platform-chart

Our friends over at PocketNow wrote an interesting article this morning that talks about Android brand recognition and the terms that are flying around out there like Droid and Galaxy. In their article, they talk about how the common consumer refers to these phones based on their individual brands, not the operating system they run on. Instead of people asking if you have an Android phone, they’ll ask if that’s the new Galaxy or Droid. If you have anything else, like the Google-branded Nexus phones, they’ve probably never heard of it and will brush it off even though it runs the same Android that their phone runs.

One difference between these brands is the launcher that the phones use. The Nexus phones use the stock Android launcher, while Samsung uses their TouchWiz interface. This make the user experience a little different, but in the end, all of their apps come from the Google Play Store and they all can run the same things.

The same theory can be applied to the newer Windows Phones. Microsoft pushes the operating system, but they have different manufacturers making the phones and doing their own marketing. Nokia is the biggest one when it comes to brand identity. They’re pushing their Lumia phones, and nowhere in the name does it say Windows Phone. None of the other manufacturers are taking that approach when it comes to Windows Phone. There’s the Samsung Focus and Focus 2, there’s the HTC 8X, and the LG phones.

With the tablet market, Microsoft is pushing their own Surface brand, which is helping push Windows 8 and Windows on a tablet. There’s been rumors of them making a Surface Phone, and I think that would only help Windows Phone gain market share. Some people would say it might make the OEMs more resistant to develop phones for the platform, but I actually think it would help.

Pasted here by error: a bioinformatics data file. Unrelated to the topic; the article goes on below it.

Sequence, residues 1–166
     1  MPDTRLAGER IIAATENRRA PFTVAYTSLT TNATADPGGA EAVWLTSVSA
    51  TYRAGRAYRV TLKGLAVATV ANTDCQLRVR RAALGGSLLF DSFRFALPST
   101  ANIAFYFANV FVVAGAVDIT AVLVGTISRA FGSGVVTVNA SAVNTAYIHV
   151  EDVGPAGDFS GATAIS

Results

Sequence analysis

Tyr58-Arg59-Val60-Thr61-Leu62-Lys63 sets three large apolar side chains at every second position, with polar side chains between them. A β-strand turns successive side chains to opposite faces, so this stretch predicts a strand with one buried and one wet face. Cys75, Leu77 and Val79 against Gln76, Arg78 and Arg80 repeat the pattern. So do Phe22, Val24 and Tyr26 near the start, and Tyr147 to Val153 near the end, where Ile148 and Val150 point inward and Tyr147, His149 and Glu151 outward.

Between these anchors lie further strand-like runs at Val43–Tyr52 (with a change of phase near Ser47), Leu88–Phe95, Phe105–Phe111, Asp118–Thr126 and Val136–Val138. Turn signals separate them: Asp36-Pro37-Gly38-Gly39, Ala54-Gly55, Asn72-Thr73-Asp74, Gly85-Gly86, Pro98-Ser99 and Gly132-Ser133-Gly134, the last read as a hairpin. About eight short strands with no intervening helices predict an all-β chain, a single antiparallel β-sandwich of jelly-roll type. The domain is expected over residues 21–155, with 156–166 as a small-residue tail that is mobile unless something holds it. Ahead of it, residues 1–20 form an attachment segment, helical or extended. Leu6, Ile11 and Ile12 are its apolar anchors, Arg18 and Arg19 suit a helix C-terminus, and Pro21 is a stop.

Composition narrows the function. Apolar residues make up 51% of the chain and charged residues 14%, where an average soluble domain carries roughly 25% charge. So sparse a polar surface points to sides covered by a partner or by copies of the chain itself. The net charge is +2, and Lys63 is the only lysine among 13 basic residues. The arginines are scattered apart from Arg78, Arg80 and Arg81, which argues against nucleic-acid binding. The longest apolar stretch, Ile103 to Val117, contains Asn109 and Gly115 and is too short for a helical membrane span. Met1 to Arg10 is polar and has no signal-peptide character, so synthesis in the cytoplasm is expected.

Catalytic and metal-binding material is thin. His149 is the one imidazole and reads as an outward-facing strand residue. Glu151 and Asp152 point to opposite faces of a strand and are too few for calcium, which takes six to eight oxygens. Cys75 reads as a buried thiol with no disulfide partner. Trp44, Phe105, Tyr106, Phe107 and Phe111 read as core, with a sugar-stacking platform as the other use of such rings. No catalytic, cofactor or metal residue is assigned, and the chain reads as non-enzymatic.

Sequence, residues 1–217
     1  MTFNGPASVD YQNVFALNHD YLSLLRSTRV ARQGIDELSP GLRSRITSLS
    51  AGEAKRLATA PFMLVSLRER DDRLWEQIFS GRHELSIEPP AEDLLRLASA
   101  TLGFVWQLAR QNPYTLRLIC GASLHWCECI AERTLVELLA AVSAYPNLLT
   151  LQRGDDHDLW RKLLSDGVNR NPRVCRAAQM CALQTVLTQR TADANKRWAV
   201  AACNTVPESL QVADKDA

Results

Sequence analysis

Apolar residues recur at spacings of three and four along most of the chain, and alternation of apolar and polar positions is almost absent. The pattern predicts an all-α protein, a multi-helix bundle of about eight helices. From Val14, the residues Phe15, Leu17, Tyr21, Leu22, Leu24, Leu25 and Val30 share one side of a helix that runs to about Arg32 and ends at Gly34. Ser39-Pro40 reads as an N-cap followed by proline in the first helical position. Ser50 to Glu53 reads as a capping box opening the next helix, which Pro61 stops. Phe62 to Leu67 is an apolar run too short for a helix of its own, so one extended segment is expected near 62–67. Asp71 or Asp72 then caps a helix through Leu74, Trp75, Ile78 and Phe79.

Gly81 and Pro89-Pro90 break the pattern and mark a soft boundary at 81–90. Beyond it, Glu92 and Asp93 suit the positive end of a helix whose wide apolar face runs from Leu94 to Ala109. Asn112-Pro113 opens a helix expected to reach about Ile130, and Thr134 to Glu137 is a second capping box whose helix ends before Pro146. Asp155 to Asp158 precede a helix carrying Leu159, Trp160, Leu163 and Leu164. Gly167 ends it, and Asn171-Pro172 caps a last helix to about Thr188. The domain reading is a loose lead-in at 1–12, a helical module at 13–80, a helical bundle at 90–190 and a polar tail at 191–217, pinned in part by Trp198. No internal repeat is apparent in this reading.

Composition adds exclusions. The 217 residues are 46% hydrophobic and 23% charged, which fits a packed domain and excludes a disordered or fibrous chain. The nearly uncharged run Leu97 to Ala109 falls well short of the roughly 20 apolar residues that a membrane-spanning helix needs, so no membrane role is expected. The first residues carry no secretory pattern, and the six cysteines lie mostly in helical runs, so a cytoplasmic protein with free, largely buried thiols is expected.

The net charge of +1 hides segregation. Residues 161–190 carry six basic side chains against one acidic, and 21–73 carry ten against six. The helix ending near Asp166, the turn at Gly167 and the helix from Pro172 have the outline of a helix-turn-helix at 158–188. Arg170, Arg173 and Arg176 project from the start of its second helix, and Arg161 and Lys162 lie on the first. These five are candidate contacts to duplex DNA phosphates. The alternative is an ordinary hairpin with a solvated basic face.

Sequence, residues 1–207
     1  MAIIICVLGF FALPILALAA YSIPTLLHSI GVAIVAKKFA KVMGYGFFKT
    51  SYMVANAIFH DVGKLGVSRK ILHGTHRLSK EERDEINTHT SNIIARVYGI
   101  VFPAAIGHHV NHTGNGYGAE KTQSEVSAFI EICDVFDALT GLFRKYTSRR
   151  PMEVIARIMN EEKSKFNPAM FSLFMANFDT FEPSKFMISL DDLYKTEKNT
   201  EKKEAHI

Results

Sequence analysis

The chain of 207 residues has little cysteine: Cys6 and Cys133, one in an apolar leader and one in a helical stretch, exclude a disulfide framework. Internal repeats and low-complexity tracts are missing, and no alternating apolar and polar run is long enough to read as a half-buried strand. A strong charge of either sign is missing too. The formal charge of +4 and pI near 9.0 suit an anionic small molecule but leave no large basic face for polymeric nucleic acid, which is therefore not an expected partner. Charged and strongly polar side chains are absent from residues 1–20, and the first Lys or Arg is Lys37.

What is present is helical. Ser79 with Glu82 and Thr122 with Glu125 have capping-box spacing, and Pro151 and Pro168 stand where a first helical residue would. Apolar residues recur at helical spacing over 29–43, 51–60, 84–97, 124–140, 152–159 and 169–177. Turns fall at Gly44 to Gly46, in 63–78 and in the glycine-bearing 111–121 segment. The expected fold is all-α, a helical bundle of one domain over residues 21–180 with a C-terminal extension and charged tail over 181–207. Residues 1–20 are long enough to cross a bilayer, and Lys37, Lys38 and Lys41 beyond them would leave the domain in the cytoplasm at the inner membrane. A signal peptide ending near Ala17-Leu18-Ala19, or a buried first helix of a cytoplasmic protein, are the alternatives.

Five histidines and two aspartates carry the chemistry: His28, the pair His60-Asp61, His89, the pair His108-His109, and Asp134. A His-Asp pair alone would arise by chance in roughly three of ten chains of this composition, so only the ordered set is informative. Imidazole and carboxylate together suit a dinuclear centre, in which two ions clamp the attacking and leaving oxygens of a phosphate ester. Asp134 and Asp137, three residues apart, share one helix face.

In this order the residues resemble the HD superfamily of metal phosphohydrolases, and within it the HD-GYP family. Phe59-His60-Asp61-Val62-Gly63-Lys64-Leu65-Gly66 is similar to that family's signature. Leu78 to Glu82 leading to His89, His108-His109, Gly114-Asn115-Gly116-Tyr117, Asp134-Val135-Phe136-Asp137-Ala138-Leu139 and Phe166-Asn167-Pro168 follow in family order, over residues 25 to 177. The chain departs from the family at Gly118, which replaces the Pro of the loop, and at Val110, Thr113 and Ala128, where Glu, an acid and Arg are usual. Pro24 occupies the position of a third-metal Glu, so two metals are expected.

Apple is really the only smartphone manufacturer that doesn’t have this issue. Their only phone is the iPhone, which they manufacture under their own brand. Before a couple years ago, everyone would ask, “is that the new iPhone?” and nobody really knew what Android was. Apple still has some of the best recognized brands out there, and part of that is because everything is released under their name. They don’t have OEMs like Samsung, HTC, Motorola, or Nokia making devices for them.

Blackberry is another one similar to Apple. They produce their own hardware and release it under their own brand. They’ve had a few different branches in the past, like the Curve, Bold, and Storm, and even now they have the Z-series and Q-series. Only time will tell if they can become a major player again after the long delay for Blackberry 10 devices to come out.

Looking at the graph above, you can see that Android dominates the smartphone market, mainly thanks to the Samsung Galaxy phones. Apple is 2nd and Windows Phone and Blackberry are fighting over 3rd. If Samsung was to slap the Galaxy name on a Windows Phone, how successful do you think it would be? For past and present Galaxy users, it would be a major change because Windows Phone is nothing like Android. It might bring more people to Windows Phone, but from there, it would all come down to how willing people are to adopt change and be different. Verizon did something similar to its Droid brand a while back. They were using their Droid term for all Android phones, regardless of the manufacturer. Most were made by Motorola and some were made by HTC.